Metro To Participate In Multi-State Earthquake Drill And So Can You

http://www.shakeout.org/centralus/downloads/ShakeOut_CUS_GetReady_300x250.gifHave you or someone you know ever experienced a major earthquake? I haven’t and to be honest, I don’t think I would know what to do if one happened. That’s why I’m so excited Metro is participating in a national program to educate and prepare people for an earthquake.

On February 7th at 10:15 a.m., millions of residents in the central United States will participate in the largest earthquake drill ever! Metro is participating in ShakeOut, a program aimed at helping residents and organizations be better prepared, and also practice how to protect ourselves when it happens. We won’t disrupt service at 10:15 Thursday on our buses, trains or vans. Getting you to where you need to go on time is important to us– but it is also important that we help you think about how you can prepare your family for an earthquake. At 10:15, our employees who work in offices will get under their desks to protect themselves like they would during a real earthquake. Our employees who work outdoors will make mental notes of their surroundings and note what they would do if they work near MetroLink wires and power lines and other potential hazards.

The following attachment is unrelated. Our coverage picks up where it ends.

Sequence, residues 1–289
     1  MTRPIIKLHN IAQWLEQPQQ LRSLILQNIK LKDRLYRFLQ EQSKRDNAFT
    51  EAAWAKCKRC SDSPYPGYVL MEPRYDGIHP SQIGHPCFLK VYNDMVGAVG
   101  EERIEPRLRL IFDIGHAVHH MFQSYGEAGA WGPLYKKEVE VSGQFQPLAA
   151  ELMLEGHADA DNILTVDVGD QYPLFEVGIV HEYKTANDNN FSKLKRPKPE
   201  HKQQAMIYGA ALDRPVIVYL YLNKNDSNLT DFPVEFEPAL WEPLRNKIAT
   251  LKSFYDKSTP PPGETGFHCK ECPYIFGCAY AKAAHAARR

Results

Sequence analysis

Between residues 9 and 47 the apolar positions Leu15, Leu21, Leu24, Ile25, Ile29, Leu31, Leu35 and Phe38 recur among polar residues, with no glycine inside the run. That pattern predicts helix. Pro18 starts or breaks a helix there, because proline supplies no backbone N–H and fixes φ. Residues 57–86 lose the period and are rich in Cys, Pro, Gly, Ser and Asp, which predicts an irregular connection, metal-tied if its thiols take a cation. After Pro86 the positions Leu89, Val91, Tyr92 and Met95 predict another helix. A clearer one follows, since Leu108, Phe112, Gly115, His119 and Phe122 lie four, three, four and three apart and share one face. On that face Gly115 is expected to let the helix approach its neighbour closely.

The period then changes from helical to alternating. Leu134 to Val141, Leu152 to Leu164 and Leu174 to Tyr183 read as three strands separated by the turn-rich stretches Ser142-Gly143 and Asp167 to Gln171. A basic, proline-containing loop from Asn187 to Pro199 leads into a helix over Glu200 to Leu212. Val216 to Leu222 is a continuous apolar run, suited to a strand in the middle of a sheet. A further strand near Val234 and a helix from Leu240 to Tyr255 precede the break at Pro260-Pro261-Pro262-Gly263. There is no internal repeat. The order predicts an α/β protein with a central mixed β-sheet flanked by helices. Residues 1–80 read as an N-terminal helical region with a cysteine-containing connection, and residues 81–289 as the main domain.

Everyone can participate! Individuals, families, businesses, schools, government agencies and organizations will be taking part in ShakeOut. Major and minor earthquakes may happen anywhere you work, live, or travel in the central U.S.

The ShakeOut is our chance to practice together how to protect ourselves whether we are in the office, at school, at home, driving down the highway, or anywhere in between when an earthquake happens, and for everyone to become prepared. The goal is to save lives, reduce property damage and prevent disasters from becoming catastrophes.

Once you register, there are a ton of materials to help get you prepared. You can view earthquake scenarios, hazards information, drill manuals, and resources geared towards specific groups.

One link I found helpful had videos showing what a room without proper anchoring inside looked like during an earthquake. You can also see inside a child’s bedroom that has proper anchoring.

There is also a make your own earthquake tool that lists activities that can be used to help teach students about the characteristics of earthquake motion and how earthquakes affect structures.

Do you know how to make your home a safe space during an earthquake? The online game called Beat the Quake shows that the more you do before an earthquake, the less damage you will have.

Be counted in the largest earthquake drill in central U.S. history and set an example that motivates others to participate!

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